School nurse shortage called ‘national crisis’

School nurse shortage called 'national crisis'

NEW YORK, NY (CBS) - Some are calling it a growing national crisis: the shortage of school nurses.

Only three out of five schools across the country have full-time school nurses. This often forces school administrator, with no medical training, to step in and provide some level of care.

In October 2018, Rasheen Pressley’s 9-year-old son Hasoun collapsed in his school cafeteria. He was rushed to the hospital where he was later pronounced dead of heart failure.

“He was my only son,” Pressley said. “There weren’t nobody there to help him. Nothing.”

There was no school nurse on duty that day. According to a Philadelphia School District official, staff certified in CPR tried to revive Hasoun, who’d been born with a heart defect.

It’s unknown had a school nurse been there that day, if they would have been able to save Rasheen’s son.

There are no federal laws regulating school nurse staffing, but the American Academy of Pediatrics recommends at least one registered nurse in school every day. A standard many districts are failing to meet.

Donna Mazyck, the executive director of the National Association of School Nurses, said this is a crisis.

She said 40 percent of schools across the country do not have a full-time nurse. Twenty-five percent don’t have a nurse at all.

“It’s not acceptable,” Mazyck said. “Students deserve what they need to be in school and ready to learn.”

Denie Gorbey-Creese is a school nurse in Howard County, Maryland who covers two schools a day.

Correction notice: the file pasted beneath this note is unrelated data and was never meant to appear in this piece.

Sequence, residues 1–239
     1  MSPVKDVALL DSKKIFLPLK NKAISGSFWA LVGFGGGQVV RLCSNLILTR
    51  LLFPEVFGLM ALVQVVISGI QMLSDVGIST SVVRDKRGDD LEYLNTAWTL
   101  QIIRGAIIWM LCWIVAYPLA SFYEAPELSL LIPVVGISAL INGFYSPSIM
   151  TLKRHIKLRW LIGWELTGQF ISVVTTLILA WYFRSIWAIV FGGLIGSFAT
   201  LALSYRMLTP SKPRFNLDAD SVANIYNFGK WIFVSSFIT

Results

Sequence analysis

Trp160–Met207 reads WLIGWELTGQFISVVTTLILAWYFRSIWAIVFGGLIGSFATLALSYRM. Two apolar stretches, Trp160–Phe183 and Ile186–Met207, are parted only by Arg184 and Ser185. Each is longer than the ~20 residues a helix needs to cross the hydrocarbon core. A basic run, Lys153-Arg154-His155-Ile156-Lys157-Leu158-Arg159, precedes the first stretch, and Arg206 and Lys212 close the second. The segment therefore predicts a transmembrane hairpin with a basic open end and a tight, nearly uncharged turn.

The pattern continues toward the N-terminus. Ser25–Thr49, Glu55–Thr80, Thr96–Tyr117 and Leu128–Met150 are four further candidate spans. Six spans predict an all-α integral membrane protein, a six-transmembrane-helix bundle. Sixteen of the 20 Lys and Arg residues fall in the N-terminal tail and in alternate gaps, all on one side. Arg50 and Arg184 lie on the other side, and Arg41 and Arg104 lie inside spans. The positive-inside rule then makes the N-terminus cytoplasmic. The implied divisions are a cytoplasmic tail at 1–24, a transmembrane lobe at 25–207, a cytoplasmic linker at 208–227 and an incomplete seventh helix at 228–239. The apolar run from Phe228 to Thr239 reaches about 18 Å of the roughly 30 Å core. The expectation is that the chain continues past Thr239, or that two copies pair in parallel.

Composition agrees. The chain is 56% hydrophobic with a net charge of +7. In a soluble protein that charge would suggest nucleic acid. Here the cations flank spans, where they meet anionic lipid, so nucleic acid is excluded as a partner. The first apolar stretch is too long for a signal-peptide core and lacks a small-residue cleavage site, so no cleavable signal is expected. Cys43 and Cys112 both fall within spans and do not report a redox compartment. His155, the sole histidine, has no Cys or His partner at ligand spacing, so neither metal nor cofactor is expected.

She has health assistants at each school who call her with questions when she is not in the building.

“If I’m busy with an emergency at my other school, I’m not available right away, so it might delay their care some," Gorbey-Creese said.

In Cincinnati, Ohio, where nurses were also sometimes covering more than one school, they’re tackling the problem through a partnership with Cincinnati Children’s Hospital.

“We are now able to provide routine health care services for all of the students in the building as well as any child in the community,” Lisa Crosby, Cincinnati Children’s Hospital clinical manager, said.

They’ve opened health centers in schools to close the gap, so students get services here no different than they do in a pediatrician’s office.

In the wake of his son’s death, Rasheen Pressley said schools must find a way to provide care for all students.

“Because if we ain’t got no nurses at school, you might as well, might as well just teach the kids at home,” Pressley said. “That’s just common sense.”

Copyright 2019 CBS. All rights reserved.